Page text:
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The Wayfarers Series by Becky Chambers

Werthead

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The Long Way to a Small Angry Planet by Becky Chambers

The crew of the Wayfarer are a tight unit with a complicated history. Rosemary Harper is a newcomer to the vessel, having to find a way of fitting into the crew whilst also avoiding her own past. But all of the crew of the Wayfarer have their secrets and their demons. When the ship accepts a commission to fly all the way to the galactic core (a journey of a year) to build a new hyperspace tunnel, these secrets will come spilling out.

The Long Way to a Small Angry Planet is the debut novel by Becky Chambers and the opening volume in the Wayfarers series. The novel was crowdfunded on Kickstarter in 2012, a result of Chambers not being able to find a publisher for the book, and it has since been a huge success. It was nominated for the Arthur C. Clarke, British Fantasy Award and Kitschies, and its two sequels and the series overall have been nominated for Hugo Awards.

The Long Way to a Small Angry Planet opens in a highly familiar manner, with a cast of mistmatched characters living together on a spacecraft being established. From Blake's 7 to Farscape to Firefly to Colin Greenland's Tabitha Jute trilogy to Chris Wooding's Ketty Jay series, this remains a rich and engaging way of establishing character relationships and drama, and here is no different. What is slightly more unusual is the structure. There's relatively little in the way of space heroics or daring-do, with instead the focus being more on character exploration. Through successive episodes, we learn more about each of the characters on the ship: new clerk Rosemary, reptilian navigator Sissix, the medical officer/cook Doc Chef, the navigator Ohan, fun-loving engineers Kizzy and Jenks, buttoned-up algaeist Corbin, ship's AI Lovelace and Captain Ashby.

Despite it's moderate length (just over 400 pages), The Long Way to a Small Angry Planet is therefore more of a themed anthology or mosaic novel, a collection of short stories focused on each character with their shared mission (to the titular angry planet) cohering the fragmented narratives into a whole. It's a successful structure, meaning we get to know the crew in great depth before they come together to confront a crisis at their destination.

It's also a refreshingly non-violent space opera. There are moments of jeopardy and danger, but Captain Ashby is a pacifist who doesn't carry weapons on his person or his ship, so they have to think their way out of each situation rather than opening up with guns blazing. It's a more old-skool form of space opera in that sense, with people out-thinking their opponents rather than nuking them.

On the negative side, the chill pace of the novel means the ending explodes almost out of nowhere, with the entire plot wrapped up in near-indecent haste. That's not necessarily a huge problem - the book is very literally all about the journey, not the destination - but the ending of the story does verge on the perfunctory, although the individual character arcs do have satisfying endings. Some may also find it odd that we spend an entire novel building up the characters only to promptly abandon them: the sequels A Closed and Common Orbit and Record of a Spaceborn Few pursue (mostly) different casts of characters in other parts of the galaxy. However, the Wayfarers series is ongoing and we may revisit these characters further down the road.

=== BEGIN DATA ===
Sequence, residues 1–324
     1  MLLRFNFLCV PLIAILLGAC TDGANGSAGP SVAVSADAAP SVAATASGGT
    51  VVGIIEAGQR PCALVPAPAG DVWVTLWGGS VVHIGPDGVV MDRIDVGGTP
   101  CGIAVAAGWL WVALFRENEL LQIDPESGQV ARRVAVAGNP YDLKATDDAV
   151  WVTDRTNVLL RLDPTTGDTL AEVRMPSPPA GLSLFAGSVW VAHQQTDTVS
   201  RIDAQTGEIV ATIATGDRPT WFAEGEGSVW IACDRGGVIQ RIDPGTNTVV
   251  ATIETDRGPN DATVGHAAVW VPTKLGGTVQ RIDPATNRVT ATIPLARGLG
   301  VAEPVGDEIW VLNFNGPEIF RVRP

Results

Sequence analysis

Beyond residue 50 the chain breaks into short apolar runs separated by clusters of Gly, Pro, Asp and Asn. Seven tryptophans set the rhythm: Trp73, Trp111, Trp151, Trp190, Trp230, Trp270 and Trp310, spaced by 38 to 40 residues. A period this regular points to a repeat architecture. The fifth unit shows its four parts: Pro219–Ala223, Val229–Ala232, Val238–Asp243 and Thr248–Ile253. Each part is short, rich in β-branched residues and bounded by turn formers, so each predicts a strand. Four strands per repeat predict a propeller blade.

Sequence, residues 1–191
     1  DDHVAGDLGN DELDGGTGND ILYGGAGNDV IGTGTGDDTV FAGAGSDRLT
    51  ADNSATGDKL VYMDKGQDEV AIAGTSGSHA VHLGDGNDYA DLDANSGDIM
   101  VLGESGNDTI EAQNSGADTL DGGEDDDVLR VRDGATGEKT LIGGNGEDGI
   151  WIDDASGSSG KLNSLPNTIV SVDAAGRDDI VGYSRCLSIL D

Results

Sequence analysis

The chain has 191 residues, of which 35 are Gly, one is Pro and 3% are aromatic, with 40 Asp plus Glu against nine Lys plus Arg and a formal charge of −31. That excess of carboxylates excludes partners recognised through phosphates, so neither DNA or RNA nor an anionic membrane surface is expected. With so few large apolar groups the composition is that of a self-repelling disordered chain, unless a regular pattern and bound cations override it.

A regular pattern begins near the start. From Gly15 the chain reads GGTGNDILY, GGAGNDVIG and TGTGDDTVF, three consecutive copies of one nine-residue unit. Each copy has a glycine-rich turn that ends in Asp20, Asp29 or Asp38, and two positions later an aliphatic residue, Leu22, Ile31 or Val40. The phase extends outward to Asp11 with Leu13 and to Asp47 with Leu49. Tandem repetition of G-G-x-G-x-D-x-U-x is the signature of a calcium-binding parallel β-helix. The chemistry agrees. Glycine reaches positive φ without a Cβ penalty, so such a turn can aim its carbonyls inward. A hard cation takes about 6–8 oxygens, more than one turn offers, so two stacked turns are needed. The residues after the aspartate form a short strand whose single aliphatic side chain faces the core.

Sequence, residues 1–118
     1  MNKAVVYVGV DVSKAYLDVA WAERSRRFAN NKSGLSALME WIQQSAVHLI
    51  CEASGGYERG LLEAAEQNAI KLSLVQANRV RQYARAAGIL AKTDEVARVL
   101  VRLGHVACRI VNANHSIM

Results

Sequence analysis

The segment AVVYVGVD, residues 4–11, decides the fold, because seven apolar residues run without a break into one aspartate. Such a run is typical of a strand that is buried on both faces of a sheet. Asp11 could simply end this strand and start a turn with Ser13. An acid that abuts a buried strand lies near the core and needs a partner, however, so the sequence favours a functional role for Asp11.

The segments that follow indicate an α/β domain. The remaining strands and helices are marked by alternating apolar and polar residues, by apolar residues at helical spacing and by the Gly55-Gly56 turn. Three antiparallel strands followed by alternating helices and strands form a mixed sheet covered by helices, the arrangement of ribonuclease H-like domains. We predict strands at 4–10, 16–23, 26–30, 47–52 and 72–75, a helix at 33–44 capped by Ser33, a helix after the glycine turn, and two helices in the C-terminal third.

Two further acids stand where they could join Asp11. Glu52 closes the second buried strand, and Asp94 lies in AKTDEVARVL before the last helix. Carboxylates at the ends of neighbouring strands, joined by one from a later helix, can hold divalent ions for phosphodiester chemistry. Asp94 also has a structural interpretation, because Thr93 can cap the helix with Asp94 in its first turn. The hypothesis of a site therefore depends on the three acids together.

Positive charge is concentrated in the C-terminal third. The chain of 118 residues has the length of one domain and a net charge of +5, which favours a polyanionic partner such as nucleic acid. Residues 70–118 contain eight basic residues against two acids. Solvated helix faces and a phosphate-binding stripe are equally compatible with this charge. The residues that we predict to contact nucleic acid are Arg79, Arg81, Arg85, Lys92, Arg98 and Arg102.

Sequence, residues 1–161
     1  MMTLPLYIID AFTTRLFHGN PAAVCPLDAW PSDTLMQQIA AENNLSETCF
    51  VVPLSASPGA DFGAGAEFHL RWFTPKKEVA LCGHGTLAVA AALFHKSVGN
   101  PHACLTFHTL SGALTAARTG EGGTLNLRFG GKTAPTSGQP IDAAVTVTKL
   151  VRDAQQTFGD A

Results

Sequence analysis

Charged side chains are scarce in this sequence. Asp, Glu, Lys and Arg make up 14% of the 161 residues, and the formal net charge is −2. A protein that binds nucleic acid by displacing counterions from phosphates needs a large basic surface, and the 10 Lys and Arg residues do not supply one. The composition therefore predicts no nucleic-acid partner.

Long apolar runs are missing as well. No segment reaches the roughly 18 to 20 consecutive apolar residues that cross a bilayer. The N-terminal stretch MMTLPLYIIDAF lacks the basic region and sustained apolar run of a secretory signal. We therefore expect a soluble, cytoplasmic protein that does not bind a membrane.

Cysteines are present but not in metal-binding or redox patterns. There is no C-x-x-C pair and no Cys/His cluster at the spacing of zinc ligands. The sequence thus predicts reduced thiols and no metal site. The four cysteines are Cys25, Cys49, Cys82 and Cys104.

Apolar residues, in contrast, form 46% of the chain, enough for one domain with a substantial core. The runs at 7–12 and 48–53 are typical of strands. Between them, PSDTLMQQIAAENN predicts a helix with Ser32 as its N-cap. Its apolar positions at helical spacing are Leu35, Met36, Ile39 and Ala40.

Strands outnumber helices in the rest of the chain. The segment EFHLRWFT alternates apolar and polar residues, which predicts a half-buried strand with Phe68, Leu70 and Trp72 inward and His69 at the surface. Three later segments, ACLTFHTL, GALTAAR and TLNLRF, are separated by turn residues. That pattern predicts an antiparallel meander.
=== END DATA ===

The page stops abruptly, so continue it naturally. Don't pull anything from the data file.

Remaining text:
The Long Way to a Small Angry Planet (****) is a highly entertaining space opera, with a laudable focus on rich characters and a refreshing desire to avoid the cliches of the subgenre. The book's relaxed pace and lack of tension may not be to everyone's liking, but it makes for a different and enjoyable focus to the book.
 

Werthead

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A Closed and Common Orbit by Becky Chambers

Lovelace, the former AI of the Wayfarer, has been given her own body and is now living undercover as a human on a remote settlement. She is adapting to life as a human by her friend Pepper, who as a former genetically-engineered slave knows a thing or two about having to overcome your past to achieve a greater future. But Pepper also owes someone a debt, one that will take her across the galaxy as a way of fulfilling it.

A Closed and Common Orbit is the second volume of the Wayfarers series, following on from The Long Way to a Small Angry Planet. It's not a sequel as such, picking up only on a single dangling plot thread from that book and expanding on several very minor characters, and can be read as a stand-alone novel.

The book is about many things, including friendship, humanity and what it means to be a person. There are human, AI and alien perspectives on this thorny question and on the ethical dilemmas involved. The story unfolds in two distinct threads, a current-day story about Lovelace adjusting to life as her new cover personality, Sidra, and an extensive flashback to Pepper's life as a slave and how she escaped. The story therefore unrolls in two directions simultaneously, backwards and forwards, until the two meet up satisfyingly near the end.

Like The Long Way to a Small Angry Planet, this is book is much more concerned with character, relationships and moral quandaries than it is in shooty action. There are a few tense moments and sequences, but the characters are rarely in physical jeopardy. This is a book much more concerned with the characters, their backstories and their motivations and how that impacts on important moral and ethical decisions they have to make going forwards. Both characters having two names - Lovelace/Sidra and Jane/Pepper - is also a nice clue that the characters are going on journeys as their identities shift to deal with the new worlds they find themselves in.

One advantage A Closed and Common Orbit has over its predecessor is that it is primarily and tightly focused on just two characters rather than half a dozen. This means that both characters get a huge amount of development and we become deeply immersed in their lives.